MOORE: You're completely right. It's a completely different playing field for these people. They grew up in a time of very intense political division, and instead of having candidates that they really rallied around, it was issues. And I think about during these tragic mass shootings that happened over the last decade, young people kind of stepped up and became voices on gun violence. Young people stepped up and became voices on climate. And even more recently, after the Supreme Court issued the Dobbs decision that overturned the constitutional right for an abortion, young people rallied around abortion rights and showed up for Democrats because of abortion.

So I would say that this generation values issues over party, and we're seeing that in data. I mean, in the most recent Harvard Youth Poll, they found that actually, only about a third of young people actually identify with Democrats. Despite overwhelmingly voting for Biden, despite overwhelmingly voting for Democratic congressional candidates, really, only a third actually call themselves Democrats.

DETROW: Which is one of the many reasons why there's a lot of Democratic angst right now about whether Gen Z voters, in particular, show up for President Biden next year when he runs for reelection. I mean, how are young voters feeling about the president right now?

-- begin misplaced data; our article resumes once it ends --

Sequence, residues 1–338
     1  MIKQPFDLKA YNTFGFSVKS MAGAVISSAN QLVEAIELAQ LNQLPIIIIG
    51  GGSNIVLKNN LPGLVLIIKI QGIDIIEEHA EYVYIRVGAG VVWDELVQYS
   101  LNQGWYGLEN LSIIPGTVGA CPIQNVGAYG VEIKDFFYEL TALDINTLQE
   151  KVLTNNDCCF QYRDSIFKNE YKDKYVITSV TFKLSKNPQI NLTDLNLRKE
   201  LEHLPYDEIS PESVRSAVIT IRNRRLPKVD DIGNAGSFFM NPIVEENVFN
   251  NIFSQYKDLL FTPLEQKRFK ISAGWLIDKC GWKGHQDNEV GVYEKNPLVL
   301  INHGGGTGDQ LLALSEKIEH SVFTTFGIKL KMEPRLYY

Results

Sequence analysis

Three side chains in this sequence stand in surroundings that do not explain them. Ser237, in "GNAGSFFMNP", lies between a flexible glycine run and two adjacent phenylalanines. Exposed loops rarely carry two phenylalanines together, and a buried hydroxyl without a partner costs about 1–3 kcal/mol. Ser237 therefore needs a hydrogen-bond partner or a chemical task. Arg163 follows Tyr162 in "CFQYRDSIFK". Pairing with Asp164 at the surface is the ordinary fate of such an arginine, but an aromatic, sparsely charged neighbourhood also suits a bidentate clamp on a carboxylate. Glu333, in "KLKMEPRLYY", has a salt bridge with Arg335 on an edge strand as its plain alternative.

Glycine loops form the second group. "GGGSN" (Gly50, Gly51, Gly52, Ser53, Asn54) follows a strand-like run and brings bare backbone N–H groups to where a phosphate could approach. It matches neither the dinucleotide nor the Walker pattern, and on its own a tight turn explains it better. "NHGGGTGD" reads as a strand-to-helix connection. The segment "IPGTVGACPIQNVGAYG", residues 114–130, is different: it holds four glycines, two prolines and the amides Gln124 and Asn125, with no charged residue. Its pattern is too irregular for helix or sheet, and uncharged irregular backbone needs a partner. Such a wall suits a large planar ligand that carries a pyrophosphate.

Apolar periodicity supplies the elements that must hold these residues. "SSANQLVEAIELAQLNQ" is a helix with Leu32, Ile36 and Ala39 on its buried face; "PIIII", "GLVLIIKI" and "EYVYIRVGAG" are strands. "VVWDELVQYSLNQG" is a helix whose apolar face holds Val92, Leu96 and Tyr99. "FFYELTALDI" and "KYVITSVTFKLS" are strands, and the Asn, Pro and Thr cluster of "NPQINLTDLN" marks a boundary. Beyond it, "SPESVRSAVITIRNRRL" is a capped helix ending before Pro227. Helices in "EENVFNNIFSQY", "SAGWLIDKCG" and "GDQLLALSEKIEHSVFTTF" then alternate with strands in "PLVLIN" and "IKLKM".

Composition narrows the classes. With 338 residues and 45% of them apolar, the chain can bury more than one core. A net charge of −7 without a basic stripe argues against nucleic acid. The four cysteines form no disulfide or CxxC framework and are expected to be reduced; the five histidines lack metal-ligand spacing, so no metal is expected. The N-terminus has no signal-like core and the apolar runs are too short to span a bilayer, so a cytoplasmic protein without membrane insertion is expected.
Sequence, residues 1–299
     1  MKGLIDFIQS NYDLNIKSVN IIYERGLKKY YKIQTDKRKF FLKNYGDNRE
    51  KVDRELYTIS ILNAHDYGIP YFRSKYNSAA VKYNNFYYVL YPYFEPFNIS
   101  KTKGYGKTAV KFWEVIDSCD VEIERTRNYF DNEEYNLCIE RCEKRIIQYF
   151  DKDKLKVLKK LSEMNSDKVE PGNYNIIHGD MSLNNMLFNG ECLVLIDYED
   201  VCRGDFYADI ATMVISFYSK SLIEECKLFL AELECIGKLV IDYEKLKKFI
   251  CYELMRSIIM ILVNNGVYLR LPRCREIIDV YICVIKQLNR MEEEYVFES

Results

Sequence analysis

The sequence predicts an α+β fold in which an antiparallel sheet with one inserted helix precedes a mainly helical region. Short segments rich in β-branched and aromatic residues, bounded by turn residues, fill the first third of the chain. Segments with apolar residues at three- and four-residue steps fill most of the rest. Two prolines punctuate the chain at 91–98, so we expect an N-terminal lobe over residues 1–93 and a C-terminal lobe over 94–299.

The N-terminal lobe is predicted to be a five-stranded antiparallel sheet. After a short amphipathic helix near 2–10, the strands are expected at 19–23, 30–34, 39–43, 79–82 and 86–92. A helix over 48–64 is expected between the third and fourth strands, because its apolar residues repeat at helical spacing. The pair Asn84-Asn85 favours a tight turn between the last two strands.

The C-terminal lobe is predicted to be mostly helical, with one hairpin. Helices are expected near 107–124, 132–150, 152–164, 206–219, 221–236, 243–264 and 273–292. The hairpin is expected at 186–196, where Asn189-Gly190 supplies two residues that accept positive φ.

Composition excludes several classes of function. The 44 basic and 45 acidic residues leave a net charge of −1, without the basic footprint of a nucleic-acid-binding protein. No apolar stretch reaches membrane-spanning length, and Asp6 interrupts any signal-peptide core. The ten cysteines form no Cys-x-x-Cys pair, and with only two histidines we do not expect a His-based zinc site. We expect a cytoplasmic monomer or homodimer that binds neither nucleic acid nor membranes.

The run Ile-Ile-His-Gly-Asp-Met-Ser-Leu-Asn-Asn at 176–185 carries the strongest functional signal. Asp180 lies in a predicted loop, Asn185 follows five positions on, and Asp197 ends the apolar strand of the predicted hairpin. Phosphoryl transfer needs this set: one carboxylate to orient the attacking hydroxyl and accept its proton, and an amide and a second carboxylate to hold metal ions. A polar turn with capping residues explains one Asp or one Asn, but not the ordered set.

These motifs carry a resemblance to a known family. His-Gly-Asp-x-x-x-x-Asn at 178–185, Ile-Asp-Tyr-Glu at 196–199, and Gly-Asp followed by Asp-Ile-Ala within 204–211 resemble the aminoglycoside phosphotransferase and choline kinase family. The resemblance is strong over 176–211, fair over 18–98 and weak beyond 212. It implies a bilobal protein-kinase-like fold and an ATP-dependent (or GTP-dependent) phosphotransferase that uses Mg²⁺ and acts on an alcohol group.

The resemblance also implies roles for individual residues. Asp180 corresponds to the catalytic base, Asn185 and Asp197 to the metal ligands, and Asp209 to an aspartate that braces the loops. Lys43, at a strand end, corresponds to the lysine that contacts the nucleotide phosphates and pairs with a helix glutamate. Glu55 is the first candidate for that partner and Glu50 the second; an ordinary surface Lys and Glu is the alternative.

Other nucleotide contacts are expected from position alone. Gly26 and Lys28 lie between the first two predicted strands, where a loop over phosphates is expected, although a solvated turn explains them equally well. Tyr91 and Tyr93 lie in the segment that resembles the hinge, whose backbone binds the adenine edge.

MOORE: Honestly, like, every time I go out and I talk to young people, it's like clockwork...

DETROW: Yeah.

MOORE: ...That President Biden's age comes up. It's either as a joke, it's a quip or it's, like, serious concern. And that's not to say they didn't vote for him, but there are a lot of issues that this generation is passionate about that some advocates say haven't been fulfilled yet.

DETROW: And let's talk about a big one of them - over the past two months, Biden's decision to support Israel in its war against Hamas, despite many - we've seen the polls, we've seen the protests - many young progressive voters being deeply opposed to Israel's military intervention, calling for a cease-fire. How big of a problem is it for Biden right now that so many people that he needs to vote for him next year are so mad at him?

MOORE: I mean, this is definitely a huge thing. I was out covering a demonstration organized by pro-Palestinian groups. I talked to some people who say that this support of Israel is the last straw for them. I talked to other people who don't go as far as that - one woman, Prachi Jhawar. She's 23 years old. And, again, she did not say she's not supporting Biden in 2024, but she said when she thinks about him running for reelection, it's very grim.

PRACHI JHAWAR: Gen Z cares so much about human rights as a movement, and to have our commander in chief not actually follow through with that and not support that is really disheartening.